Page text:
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November 22,  2017

Divert Disaster, Delete that Email
and Dialogue


By Lorie Reichel-Howe

Founder of Conversations in the Workplace

While email has made workplace communication efficient, there are times when face-to-face conversations (whether in-person or virtual via a screen) are needed.  At these times, defaulting to email is risky and may result in workplace nightmares.


When Technology Leads to Trouble


Who doesn’t love moving issues, problems and grievances off of a work desk? While auto correct protects us from grammatical errors, there is no technology discernment checker that alerts us when emailing is inappropriate and a conversation is necessary.


Email is your enemy when communicating concerns with a coworker or manager, when addressing performance issues or when discussing a complex or contentious topic. Conversations trump technology and derail disaster when giving reprimands and getting someone back on track.


Never email a colleague when you are in conflict. While confident of your ability to hide your frustration and anger, it’s next to impossible to compose a message presenting your case without releasing emotions. Sending email when you are angry or frustrated invites gossip and misunderstanding to move in and multiply. The words we compose while facing a computer screen, we would never say to someone in person. Impulsive mouse-to-mouse combat leads to workplace word wars and leaves a trail of HR violations.


Email Limitations and Liabilities


Email is devoid of context and human beings communicate through body language, expression and voice. Tone is difficult to interpret and easily misinterpreted without hearing the inflection of someone’s voice. Stop and reflect on the number of times you read an email and questioned ‘Why is this person so angry?’ when in fact, that’s just the way you read the message. Much of what we interpret is based on our current and ever-changing mood.


Yes, it can be challenging, awkward and difficult to talk to others about concerns, performance gaps and needed improvements. Even so, defaulting to email in an attempt to prevent coming across frustrated and angry is risky and dangerous. Instead of averting conflict, you may unintentionally, while undiscerningly, start a workplace war.


Train Employees How to Communicate


Employees need clarity on when conversations trump email. Expecting today’s tech savvy culture to know when to walk away from a computer and when to engage in dialogue is a faulty assumption.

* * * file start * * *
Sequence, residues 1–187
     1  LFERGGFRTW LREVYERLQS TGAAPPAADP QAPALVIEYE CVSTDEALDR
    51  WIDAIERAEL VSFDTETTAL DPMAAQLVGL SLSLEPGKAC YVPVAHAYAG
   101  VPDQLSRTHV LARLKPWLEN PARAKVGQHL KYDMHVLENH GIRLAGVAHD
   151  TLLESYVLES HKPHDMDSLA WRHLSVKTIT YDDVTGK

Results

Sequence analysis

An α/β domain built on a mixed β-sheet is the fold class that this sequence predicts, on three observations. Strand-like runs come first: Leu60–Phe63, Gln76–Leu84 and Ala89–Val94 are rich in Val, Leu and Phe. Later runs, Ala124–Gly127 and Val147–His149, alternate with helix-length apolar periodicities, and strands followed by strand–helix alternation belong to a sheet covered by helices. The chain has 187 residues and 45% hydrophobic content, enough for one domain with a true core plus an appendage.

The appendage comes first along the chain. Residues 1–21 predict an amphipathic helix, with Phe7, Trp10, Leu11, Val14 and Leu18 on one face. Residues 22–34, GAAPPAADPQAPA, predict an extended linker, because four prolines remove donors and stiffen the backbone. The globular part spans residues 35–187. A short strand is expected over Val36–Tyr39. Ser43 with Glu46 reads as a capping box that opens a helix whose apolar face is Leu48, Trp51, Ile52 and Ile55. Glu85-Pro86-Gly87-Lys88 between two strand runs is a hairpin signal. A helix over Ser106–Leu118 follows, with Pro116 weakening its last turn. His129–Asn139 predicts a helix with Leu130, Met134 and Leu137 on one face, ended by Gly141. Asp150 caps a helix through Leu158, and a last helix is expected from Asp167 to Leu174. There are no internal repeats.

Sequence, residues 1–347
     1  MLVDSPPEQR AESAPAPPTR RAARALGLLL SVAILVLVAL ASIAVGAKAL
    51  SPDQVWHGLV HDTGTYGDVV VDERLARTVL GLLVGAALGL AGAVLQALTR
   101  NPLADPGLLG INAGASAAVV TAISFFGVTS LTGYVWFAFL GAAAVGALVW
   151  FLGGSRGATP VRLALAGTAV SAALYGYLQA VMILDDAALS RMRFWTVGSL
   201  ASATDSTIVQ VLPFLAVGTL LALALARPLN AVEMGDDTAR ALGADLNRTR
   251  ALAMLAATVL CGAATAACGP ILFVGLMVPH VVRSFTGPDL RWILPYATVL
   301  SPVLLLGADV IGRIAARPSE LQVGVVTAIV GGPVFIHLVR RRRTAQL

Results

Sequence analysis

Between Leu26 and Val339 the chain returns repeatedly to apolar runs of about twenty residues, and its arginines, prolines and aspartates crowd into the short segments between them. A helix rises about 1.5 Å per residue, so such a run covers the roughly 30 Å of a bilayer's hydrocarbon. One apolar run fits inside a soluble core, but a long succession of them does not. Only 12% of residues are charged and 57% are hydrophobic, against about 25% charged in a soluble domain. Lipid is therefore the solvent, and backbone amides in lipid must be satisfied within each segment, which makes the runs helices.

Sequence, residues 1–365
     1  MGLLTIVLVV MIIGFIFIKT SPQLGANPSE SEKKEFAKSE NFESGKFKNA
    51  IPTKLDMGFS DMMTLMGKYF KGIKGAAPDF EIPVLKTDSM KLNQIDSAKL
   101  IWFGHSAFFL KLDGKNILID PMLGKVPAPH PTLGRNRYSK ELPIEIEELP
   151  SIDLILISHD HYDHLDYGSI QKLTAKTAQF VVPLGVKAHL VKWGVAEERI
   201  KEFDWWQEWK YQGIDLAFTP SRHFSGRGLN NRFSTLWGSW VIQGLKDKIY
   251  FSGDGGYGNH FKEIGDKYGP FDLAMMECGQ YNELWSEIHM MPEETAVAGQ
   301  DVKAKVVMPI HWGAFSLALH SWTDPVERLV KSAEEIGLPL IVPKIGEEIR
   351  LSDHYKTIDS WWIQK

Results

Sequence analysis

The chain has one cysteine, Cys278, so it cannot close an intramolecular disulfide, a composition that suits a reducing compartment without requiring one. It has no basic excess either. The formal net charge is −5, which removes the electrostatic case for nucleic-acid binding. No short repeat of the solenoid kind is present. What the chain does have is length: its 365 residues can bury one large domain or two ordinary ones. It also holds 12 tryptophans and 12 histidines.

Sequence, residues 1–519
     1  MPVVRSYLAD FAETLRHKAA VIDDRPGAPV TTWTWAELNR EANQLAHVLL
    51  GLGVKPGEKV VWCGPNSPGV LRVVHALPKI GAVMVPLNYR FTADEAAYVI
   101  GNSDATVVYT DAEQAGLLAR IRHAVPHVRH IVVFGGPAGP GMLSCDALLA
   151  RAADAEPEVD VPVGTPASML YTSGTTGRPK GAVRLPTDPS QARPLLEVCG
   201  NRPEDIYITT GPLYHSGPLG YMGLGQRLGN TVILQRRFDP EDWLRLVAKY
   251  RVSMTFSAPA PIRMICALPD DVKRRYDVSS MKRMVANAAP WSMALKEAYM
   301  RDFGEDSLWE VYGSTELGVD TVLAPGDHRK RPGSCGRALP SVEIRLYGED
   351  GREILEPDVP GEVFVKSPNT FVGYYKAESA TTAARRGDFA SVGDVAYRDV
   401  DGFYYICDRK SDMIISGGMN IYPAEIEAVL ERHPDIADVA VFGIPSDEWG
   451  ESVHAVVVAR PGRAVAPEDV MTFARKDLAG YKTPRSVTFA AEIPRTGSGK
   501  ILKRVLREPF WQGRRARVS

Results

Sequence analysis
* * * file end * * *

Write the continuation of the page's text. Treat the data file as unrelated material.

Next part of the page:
In addition, expecting employees to have the skills to effectively communicate when issues and emotions arise, is a breeding ground for frustration, disappointment and resentment. While effective communication in resolving issues is foundational for career success, in times of conflict, we do not arise to our expectations, we fall to the level of our training. Telling is not teaching. Training employees to communicate concerns while expressing their desire for others to be more successful, builds trust and partnership. Given that 65-80% of performance problems result from strained relationships – not from deficits in individual employees’ skill or motivation (Daniel Dana, Ph.D., Managing Differences), communication training is an investment with strong returns.


When people are trained to effectively communicate concerns, they will have the courage to delete their email, approach a coworker or supervisor, and ask for a ten-­‐minute conversation. I wonder how many misunderstandings are averted when two colleagues determine not to email and instead talk together.


In Closing

Email is a powerful and useful business tool when used for the right purpose. When you address performance concern or complex and contentious topics via email, you light a dynamite fuse.  To prevent an explosion, blow out the flame, walk away from your email screen and request a conversation with the person with whom you have a concern. In doing this, you will divert disaster by dialoguing.


About the Author

Lorie Reichel Howe is founder of Conversations in the Workplace. She leverages over 20 years of expertise in communication and relationship management. She equips managers and teams to have “safe conversations” – transformative dialogue that uncovers hidden workplace issues. Whether issues are challenging team dynamics, mismanaged expectations or good old-fashioned bad behavior, “safe conversations” foster greater innovation, inclusion and collaboration within organizations. 


Learn more about Lorie’s impact at

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